Review: Black Teeth by Zane Lovitt

The Midnight Promise announced9781925355147 Zane Lovitt as a great new talent in Australian crime fiction. His new novel is even more incredible. Lovitt takes a wicked sense of humour and clever plotting to once again brilliantly subvert the crime genre.

The novel opens with a piece of classic noir. A man opens his door to an insurance salesman. He wants to take out life insurance because he is planning revenge and he doesn’t expect to survive from taking it out. By the end of the first chapter the subversion is already apparent and you know you are in a very different kind of crime novel.

Lovitt adds another piece to this revenge story and another character. Jason Ginaff is a bit of a social outcast. He spends his days vetting people online for companies, finding people’s darkest secrets online and showing them to their current, future or former employer. Jason often works under an alias, primarily because he is much more confident when he is trying to be someone else and it helps him remain private. When he has to be himself things tend fall to apart. So when he finally tracks down the man he thinks is his biological father, does he meet him first as Jason or as somebody else?

Lovitt quickly has these two seemingly disconnected stories weaved inextricably together. Lovitt plays off the conventions of the crime genre fantastically which makes for some darkly comic moments as well as plenty of surprises which will have you flicking back chapters discovering other bits you may have missed the first time around. The ending is mind-blowing and I am still trying to get my head around it, which I love.

Move over Peter Temple, your heir apparent has arrived and is breaking all the rules of crime fiction with a talent and skill that is unique, daring and quite simply a pleasure to behold on the page.

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“You don’t know a high-water mark until you’ve seen a lot of low water.” Winner of the Best First Fiction Ned Kelly Award

Review – The Midnight Promise by Zane Lovitt

“You don’t know a high-water mark until you’ve seen a lot of low water.”

9781921922930I was totally blown away by this book. This is crime fiction at its absolute best. Zane Lovitt literally bursts on to the literary scene with this book and I can say without a doubt is destined for huge things. This is not a new writer who has potential, this is a new writer whose skill and talent just oozes out of the page. From the structure of the novel to Lovitt’s distinct style, from the black as night dark humour and cynicism to the deep recesses of human emotion and frailty this is the most original, absorbing and utterly compelling crime novel I’ve read in a long time.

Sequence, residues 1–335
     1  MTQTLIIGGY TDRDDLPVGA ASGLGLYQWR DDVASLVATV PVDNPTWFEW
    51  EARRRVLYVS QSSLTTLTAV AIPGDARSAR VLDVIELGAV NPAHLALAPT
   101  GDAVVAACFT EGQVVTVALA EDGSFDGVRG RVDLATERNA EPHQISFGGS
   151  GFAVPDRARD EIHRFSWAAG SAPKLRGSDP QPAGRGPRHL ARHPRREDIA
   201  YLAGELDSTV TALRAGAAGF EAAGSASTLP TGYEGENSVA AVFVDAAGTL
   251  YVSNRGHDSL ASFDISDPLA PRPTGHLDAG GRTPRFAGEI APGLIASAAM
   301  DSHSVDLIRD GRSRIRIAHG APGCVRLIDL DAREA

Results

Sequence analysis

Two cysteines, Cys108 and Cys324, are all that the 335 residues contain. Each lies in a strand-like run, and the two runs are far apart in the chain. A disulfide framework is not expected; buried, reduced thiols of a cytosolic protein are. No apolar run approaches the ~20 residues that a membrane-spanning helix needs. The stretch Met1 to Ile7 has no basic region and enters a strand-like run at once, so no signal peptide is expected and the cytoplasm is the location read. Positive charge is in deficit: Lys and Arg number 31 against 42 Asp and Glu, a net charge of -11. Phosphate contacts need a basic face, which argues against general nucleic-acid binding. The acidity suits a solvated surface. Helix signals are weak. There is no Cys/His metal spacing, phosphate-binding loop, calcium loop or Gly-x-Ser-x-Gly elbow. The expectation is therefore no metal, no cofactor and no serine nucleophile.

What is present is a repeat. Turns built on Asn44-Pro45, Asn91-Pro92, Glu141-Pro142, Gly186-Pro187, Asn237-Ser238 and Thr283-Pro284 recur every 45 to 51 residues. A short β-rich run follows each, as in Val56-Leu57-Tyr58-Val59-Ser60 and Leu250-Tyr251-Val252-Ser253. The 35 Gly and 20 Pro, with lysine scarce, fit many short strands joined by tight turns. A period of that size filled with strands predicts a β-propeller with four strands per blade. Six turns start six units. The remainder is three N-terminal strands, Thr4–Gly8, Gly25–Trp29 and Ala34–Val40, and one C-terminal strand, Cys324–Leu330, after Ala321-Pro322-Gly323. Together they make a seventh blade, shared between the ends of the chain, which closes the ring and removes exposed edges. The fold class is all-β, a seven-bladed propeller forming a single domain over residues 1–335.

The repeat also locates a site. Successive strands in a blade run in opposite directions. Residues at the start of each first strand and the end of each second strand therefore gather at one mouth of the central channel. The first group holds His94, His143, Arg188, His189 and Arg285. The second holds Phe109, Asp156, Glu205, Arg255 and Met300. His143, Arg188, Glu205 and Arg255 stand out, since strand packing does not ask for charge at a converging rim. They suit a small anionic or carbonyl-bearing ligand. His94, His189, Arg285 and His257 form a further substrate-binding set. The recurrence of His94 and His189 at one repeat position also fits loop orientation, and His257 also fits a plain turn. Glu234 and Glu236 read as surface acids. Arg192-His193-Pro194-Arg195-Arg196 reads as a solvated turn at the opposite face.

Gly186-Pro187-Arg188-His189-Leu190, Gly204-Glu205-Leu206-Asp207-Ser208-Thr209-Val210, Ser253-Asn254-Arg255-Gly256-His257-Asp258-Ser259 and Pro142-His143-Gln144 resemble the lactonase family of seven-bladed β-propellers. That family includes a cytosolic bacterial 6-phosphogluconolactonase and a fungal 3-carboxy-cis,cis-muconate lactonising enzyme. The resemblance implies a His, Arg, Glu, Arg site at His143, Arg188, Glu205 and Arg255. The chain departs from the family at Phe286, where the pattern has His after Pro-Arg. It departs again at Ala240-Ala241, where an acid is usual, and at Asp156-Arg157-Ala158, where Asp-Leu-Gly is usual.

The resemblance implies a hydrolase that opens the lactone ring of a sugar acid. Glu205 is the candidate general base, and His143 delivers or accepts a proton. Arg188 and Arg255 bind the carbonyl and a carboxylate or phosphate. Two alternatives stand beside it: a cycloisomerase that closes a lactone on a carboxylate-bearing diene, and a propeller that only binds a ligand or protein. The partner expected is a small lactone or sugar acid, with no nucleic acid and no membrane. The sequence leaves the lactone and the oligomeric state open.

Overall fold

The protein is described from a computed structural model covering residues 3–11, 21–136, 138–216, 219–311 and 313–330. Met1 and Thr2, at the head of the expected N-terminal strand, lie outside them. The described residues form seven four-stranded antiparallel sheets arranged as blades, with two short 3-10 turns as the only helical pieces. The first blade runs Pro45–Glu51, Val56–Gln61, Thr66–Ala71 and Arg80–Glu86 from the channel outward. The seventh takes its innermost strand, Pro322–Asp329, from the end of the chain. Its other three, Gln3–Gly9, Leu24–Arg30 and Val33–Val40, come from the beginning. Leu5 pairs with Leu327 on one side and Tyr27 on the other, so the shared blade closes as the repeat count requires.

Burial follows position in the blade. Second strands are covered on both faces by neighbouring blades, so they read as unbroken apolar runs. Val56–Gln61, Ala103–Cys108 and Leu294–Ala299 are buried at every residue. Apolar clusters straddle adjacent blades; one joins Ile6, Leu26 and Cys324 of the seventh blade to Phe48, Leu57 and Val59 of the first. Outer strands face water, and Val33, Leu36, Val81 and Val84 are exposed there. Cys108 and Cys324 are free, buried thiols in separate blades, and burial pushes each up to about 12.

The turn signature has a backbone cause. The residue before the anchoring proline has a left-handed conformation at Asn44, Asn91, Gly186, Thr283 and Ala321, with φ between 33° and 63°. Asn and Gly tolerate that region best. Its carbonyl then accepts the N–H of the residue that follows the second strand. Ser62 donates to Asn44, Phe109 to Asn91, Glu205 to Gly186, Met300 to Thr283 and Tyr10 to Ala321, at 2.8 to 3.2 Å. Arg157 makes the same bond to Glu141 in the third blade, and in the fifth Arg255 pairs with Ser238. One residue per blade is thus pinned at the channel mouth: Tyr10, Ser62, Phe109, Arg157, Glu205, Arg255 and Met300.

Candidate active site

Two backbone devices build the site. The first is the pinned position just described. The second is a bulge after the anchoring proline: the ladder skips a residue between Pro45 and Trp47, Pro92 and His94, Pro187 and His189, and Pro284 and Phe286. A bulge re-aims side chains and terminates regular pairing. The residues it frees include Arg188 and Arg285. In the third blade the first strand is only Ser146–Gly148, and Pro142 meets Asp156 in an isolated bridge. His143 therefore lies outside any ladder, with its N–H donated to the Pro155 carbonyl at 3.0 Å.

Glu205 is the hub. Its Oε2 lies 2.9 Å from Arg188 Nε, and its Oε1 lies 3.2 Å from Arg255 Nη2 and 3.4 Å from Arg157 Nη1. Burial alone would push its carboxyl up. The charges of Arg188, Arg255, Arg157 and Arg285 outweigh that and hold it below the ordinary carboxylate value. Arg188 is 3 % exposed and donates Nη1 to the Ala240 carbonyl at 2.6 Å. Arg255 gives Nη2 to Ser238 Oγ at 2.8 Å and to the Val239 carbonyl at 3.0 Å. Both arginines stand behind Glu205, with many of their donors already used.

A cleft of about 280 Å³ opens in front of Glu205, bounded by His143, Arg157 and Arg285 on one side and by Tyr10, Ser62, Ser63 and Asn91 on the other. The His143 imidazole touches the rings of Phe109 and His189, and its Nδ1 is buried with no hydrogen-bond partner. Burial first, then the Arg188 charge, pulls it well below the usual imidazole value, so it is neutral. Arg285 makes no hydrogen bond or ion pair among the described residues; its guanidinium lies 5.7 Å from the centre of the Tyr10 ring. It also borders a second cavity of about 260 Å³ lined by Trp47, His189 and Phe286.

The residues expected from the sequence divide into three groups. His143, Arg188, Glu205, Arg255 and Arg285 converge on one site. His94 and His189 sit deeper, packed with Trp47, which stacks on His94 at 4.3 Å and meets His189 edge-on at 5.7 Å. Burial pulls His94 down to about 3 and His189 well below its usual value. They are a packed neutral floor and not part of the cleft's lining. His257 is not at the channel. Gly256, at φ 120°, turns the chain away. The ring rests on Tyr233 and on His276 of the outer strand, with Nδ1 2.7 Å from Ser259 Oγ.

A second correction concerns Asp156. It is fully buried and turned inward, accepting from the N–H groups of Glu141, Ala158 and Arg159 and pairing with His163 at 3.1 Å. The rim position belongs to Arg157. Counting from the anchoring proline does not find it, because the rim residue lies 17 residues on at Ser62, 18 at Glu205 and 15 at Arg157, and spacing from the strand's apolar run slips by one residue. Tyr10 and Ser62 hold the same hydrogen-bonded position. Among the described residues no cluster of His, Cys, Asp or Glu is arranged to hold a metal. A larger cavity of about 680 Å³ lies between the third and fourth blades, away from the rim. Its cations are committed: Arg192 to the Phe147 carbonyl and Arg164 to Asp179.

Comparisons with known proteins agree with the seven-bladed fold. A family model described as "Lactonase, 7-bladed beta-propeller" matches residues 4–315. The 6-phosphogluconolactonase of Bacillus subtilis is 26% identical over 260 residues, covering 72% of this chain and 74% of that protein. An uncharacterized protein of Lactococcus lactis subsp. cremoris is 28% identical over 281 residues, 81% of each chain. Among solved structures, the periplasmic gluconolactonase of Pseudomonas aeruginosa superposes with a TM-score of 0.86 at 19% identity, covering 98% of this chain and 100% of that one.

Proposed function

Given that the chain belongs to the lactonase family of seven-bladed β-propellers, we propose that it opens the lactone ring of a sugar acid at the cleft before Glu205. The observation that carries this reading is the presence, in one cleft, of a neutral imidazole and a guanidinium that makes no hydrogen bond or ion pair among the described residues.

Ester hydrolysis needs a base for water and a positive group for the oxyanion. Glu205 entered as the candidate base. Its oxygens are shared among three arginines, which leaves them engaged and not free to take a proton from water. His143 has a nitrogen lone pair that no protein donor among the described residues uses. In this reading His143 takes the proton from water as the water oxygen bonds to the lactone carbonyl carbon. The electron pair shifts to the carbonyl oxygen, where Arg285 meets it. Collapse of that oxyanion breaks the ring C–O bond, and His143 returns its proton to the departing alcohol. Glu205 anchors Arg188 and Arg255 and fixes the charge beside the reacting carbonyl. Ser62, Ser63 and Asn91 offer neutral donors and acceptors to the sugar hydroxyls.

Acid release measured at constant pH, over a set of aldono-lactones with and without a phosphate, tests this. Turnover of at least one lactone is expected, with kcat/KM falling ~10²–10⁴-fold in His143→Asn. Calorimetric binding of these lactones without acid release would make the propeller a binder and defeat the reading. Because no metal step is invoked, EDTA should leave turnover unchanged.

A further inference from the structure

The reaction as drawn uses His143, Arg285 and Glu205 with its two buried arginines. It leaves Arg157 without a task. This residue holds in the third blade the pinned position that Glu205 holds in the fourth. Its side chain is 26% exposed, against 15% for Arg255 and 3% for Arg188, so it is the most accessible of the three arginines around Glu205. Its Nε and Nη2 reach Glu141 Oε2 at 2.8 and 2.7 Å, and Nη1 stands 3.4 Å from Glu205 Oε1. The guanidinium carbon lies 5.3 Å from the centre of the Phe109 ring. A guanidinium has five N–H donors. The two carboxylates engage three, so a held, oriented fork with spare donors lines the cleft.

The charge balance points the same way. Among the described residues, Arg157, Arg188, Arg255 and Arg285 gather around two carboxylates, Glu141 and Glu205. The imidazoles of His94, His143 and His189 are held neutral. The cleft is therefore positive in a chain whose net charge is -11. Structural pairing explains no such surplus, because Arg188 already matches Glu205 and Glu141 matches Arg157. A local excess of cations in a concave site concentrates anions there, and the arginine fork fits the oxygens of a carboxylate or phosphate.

The Midnight Promise is told in ten cases. Cases, not short stories. Although the magic of this book is that they each work perfectly on their own. And I want to be clear here, this is not ten short stories mashed together. This is not ten short stories that form a novel. Think of the ten cases more like vignettes or episodes. They are self contained but together they combine to make something truly special. As you read, everything slowly starts to form together and cases you thought had no bearing on each other actually play a vital role in the story.

As you put the individual pieces together, a bigger picture is formed, a wider story is told and you’ll be in awe of what you’ve just been reading. You are following an intricate and subtle arc that is slowly but surely spiraling down. And this is the genius of the book. You think you’re reading ten cases, ten separate stories that have no bearing on each other but they have all been leading to a certain point, a midnight promise. A deal made at rock bottom, never to get here again. But the journey to rock bottom is what is important, as well as realizing what rock bottom actually is.

There are only a few authors who I can still vividly remember the first time I ever discovered them. The moment, the feeling, stuck in my reading memory: George Pelecanos (The Big Blowdown), Don Winslow (The Power of the Dog), Laura Lippman (Every Secret Thing), Ken Bruen (The Guards), Peter Temple (The Broken Shore), David Simon (Homicide), Adrian McKinty (Dead I Well May Be). You knew you’ve just read a writer who you will follow anywhere. I’m adding Zane Lovitt to that list.

Buy the book here…